The constant search for new pharmacologically active compounds, especially those that do not exhibit toxic effects, intensifies the interest in plant-based ingredients and their potential use in pharmacotherapy. One of the plants that has great therapeutic potential is Cannabis sativa
L., a source of the psychoactive Δ9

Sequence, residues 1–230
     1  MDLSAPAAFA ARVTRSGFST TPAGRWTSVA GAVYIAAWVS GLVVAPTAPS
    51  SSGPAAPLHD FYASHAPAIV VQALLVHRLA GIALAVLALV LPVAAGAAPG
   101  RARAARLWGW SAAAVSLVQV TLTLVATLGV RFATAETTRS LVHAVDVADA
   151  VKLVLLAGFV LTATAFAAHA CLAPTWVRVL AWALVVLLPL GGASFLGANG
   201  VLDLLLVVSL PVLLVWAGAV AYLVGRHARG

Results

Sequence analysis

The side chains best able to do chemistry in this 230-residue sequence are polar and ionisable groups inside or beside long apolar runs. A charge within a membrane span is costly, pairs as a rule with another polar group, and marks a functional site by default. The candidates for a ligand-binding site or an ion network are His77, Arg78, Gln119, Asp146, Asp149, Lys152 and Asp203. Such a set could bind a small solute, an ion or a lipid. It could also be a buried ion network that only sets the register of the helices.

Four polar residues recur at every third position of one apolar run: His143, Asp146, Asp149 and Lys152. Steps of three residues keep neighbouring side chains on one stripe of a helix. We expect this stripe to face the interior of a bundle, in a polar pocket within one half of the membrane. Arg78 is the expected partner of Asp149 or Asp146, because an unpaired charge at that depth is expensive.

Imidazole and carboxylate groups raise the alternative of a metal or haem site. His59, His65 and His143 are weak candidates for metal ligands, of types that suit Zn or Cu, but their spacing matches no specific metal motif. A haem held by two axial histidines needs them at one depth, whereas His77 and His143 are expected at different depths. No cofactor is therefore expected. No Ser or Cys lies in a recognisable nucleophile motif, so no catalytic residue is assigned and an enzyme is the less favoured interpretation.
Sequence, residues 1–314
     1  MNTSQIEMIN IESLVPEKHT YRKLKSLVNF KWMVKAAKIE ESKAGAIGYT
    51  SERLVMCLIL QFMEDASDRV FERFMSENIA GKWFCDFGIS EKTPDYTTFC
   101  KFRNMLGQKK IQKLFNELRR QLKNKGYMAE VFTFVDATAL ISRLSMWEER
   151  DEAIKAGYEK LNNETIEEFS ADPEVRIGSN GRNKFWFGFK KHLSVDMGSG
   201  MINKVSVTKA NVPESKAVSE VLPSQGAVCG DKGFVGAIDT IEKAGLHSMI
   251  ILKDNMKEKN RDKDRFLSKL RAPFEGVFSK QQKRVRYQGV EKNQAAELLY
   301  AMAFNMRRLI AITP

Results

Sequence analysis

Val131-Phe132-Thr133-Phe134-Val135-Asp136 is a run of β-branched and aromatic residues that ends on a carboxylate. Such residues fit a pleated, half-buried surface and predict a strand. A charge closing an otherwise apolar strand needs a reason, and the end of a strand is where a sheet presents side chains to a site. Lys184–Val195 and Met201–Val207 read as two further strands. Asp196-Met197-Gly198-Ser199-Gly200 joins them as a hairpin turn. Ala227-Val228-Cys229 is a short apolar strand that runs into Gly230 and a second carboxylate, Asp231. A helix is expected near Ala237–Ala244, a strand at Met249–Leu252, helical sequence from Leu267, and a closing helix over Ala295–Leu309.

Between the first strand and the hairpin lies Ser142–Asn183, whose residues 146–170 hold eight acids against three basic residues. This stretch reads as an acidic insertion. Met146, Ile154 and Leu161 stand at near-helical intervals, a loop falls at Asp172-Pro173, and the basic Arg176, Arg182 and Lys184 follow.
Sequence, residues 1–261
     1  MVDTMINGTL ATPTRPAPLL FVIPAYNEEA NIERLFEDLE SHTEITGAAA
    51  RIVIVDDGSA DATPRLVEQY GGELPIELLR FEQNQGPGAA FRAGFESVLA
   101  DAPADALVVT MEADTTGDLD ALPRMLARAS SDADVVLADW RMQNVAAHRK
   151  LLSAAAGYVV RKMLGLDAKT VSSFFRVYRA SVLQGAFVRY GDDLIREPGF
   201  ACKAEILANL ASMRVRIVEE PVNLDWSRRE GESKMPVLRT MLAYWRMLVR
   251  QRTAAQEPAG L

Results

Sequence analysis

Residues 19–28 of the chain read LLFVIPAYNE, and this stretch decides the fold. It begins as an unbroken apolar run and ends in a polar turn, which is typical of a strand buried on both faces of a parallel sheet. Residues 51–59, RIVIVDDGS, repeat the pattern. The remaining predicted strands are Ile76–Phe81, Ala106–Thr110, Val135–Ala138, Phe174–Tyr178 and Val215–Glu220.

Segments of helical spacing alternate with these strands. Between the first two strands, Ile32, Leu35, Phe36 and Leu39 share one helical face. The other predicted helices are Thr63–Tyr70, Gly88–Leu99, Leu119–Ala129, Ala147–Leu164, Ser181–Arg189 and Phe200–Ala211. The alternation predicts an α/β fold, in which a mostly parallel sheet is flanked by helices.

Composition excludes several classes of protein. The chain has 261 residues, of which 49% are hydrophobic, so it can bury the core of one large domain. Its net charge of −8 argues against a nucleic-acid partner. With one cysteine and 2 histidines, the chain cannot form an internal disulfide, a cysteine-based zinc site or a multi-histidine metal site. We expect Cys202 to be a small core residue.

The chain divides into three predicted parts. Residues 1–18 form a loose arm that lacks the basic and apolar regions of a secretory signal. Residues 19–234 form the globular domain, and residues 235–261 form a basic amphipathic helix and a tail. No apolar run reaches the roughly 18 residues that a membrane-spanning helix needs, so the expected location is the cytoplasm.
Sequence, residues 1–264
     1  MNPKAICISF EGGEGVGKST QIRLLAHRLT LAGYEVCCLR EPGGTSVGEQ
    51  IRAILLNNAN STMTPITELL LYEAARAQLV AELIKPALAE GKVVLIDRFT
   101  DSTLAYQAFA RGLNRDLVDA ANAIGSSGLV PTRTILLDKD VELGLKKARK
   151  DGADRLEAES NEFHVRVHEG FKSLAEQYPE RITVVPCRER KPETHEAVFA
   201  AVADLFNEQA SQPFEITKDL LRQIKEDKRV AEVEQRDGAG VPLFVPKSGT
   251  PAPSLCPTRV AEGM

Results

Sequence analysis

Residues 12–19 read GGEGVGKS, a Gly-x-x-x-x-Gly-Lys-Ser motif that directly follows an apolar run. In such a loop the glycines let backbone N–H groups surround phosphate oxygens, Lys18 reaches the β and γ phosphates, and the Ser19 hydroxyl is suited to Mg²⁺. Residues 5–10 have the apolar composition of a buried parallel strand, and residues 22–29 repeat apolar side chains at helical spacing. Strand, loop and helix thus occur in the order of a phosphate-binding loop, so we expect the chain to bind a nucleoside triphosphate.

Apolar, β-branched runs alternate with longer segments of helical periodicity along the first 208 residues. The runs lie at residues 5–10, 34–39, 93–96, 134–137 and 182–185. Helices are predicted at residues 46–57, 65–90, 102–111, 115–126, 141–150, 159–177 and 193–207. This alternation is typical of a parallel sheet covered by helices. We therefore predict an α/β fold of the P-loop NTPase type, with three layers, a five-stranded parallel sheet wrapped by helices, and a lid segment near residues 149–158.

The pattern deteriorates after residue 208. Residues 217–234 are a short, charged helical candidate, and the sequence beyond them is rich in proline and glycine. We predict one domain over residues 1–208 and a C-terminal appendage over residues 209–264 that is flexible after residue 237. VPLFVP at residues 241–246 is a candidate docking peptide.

-THC), namely cannabidiol (CBD), which exhibits antioxidant and anti-inflammatory properties, and cannabigerol (CBG)—a biologically active compound that is present in much smaller quantities. CBG is generated during the non-enzymatic decarboxylation of cannabigerolic acid, a key compound in the process of biosynthesis of phytocannabinoids and consequently the precursor to various phytocannabinoids. By interacting with G-protein-coupled receptors, CBG exhibits a wide range of biological activities, inter alia, anti-inflammatory, antibacterial and antifungal activities, regulation of the redox balance, and neuromodulatory effects. Due to the wide spectrum of biological activities, CBG seems to be a very promising compound to be used in the treatment of diseases that require multidirectional pharmacotherapy. Moreover, it is suggested that due to the relatively rapid metabolism of cannabigerol, determination of the concentration of the phytocannabinoid in blood or oral fluid can be used to determine cannabis use. Therefore, it seems obvious that new therapeutic approaches using CBG can be expected.
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